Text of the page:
Indian shares edged lower on Thursday as the sentiment remained cautious after the government raised import tariffs on select goods and the Reserve Bank of India (RBI) announced measures to ease liquidity concerns.
Investors also remained jittery ahead of derivatives expiry for September.
The broader NSE Nifty was down 0.31 percent at 11,019.5 as of 0552 GMT, while the benchmark BSE Sensex was trading 0.16 percent lower at 36,482.63.
The government raised import tariffs on 19 "non-essential items," marking a further tilt toward protectionism as it tries to reduce its widening current account deficit and tackle a sharp slide in the rupee.
The central bank eased mandatory cash requirement rules for banks and assured jittery markets it would provide "durable liquidity" amid growing worries of a potential credit crunch in the economy.
However, analysts say that though these measures are critical in the long run, the markets may not immediately reflect the changes.
"Markets are in a downtrend, expect support levels for NSE at 10,800 but if that breaks, it could slide to 10,500," said Anupam Singhi, chief operations officer, Marketsmith India, a part of investment advisory William O'Neil India.
"At the moment people are reducing their weights in financials, people are very cautious about this segment after what has happened and people need to see that there are no more bad news coming out of it."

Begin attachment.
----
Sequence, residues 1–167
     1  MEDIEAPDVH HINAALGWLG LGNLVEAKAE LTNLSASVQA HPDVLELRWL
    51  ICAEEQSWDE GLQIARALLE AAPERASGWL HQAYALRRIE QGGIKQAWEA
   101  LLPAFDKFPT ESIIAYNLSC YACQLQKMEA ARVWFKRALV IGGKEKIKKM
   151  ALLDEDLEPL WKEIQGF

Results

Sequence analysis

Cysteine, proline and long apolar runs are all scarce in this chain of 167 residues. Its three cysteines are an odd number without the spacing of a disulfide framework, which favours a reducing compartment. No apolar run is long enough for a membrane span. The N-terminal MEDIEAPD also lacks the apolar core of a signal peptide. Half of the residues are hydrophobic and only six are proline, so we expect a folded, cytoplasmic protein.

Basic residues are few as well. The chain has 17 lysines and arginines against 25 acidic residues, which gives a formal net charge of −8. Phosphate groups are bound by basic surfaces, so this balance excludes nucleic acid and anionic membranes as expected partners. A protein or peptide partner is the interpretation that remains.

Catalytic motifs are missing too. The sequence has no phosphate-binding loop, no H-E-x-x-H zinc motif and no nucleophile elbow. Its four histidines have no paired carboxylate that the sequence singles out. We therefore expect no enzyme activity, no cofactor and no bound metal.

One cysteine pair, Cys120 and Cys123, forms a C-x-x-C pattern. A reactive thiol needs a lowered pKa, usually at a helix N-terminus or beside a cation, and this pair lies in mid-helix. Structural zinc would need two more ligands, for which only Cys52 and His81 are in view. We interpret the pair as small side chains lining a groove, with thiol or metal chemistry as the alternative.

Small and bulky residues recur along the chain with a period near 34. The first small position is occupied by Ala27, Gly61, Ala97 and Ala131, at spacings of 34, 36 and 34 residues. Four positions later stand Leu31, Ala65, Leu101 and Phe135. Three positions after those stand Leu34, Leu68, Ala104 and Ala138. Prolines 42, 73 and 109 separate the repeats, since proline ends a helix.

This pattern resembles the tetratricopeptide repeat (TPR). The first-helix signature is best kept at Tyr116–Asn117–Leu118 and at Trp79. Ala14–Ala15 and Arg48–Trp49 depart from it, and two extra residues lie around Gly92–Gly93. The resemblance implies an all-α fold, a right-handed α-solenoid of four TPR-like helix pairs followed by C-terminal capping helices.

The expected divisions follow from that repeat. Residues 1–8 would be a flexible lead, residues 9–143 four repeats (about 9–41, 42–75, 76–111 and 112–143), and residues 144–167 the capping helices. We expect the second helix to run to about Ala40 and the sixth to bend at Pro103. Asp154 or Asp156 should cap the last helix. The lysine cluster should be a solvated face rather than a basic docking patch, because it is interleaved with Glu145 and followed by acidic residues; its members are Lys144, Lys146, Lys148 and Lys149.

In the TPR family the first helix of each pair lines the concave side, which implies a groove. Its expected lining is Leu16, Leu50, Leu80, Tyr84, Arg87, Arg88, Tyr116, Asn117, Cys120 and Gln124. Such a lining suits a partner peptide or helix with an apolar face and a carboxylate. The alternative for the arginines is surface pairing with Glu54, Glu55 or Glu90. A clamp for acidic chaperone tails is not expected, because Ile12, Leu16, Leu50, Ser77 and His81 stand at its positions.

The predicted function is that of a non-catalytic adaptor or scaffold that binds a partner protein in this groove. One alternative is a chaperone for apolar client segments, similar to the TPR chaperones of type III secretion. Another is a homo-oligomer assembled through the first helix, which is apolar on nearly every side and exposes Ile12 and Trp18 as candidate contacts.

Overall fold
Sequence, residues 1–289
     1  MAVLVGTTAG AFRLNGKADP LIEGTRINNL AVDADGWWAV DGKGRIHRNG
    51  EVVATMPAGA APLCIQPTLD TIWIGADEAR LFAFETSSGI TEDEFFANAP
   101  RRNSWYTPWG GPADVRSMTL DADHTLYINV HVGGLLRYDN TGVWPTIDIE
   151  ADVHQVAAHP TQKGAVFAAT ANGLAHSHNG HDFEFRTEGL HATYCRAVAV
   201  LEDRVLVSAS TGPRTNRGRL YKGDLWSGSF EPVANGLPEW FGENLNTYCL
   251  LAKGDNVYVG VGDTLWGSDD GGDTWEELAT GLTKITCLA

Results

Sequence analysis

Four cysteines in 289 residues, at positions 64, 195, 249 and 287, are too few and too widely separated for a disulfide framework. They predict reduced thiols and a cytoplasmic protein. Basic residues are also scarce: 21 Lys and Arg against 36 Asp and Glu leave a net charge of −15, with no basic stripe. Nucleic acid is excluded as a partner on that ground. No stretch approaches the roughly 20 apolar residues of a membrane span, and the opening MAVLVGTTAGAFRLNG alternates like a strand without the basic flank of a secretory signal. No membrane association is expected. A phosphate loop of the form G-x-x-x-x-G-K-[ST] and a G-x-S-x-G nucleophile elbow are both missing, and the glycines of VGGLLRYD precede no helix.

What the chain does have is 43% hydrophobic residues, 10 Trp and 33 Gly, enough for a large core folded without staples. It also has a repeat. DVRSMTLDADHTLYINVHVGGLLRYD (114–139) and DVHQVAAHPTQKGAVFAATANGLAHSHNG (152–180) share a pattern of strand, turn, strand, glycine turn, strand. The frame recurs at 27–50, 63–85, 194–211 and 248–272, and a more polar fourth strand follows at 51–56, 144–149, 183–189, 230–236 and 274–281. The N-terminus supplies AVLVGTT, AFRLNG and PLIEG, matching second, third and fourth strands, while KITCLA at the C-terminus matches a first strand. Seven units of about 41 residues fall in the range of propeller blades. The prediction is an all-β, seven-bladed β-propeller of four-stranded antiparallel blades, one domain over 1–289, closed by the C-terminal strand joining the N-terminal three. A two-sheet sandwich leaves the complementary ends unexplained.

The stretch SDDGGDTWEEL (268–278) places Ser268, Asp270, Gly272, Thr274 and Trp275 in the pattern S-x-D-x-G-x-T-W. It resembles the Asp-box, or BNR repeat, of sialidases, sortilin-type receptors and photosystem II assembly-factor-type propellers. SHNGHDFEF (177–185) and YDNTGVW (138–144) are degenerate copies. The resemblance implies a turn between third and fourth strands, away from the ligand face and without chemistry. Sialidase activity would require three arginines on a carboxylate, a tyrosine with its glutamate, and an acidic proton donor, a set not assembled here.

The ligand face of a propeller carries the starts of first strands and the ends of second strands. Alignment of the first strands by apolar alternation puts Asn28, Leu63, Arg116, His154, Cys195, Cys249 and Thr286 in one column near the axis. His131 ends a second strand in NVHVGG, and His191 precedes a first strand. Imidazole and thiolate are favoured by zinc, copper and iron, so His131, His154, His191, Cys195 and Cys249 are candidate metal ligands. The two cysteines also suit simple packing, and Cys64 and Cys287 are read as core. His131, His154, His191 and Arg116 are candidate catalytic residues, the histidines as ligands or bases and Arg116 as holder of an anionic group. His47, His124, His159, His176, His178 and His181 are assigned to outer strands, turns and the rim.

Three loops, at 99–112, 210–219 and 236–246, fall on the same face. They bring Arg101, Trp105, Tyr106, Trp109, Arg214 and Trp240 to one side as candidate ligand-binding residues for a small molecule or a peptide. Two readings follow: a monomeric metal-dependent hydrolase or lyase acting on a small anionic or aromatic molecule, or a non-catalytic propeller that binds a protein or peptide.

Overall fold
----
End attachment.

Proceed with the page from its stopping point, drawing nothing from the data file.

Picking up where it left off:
There was some respite on the currency front, as the rupee opened stronger at 72.42 compared to Wednesday's close of 72.63.
Asian shares traded slightly lower after the U.S. Federal Reserve raised interest rates by 25 basis points on Wednesday on expected lines and forecast that the U.S. economy would enjoy at least three more years of growth.
MSCI's broadest index of Asia-Pacific shares outside Japan was down 0.08 percent.
Indian airline stocks InterGlobe Aviation Ltd, SpiceJet Ltd and Jet Airways (India) Ltd fell 4 percent - 6 percent due to a hike in aviation turbine fuel import tariff.
Private-sector lenders ICICI Bank Ltd and Yes Bank Ltd dragged the NSE, falling 1.5 percent and 5.7 percent, respectively.
Among gainers, JK Tyre and Industries Ltd, CEAT Ltd and Apollo Tyres Ltd rose between 3.40 percent and 12 percent, respectively, on the back of increased import duty on radial car tyres.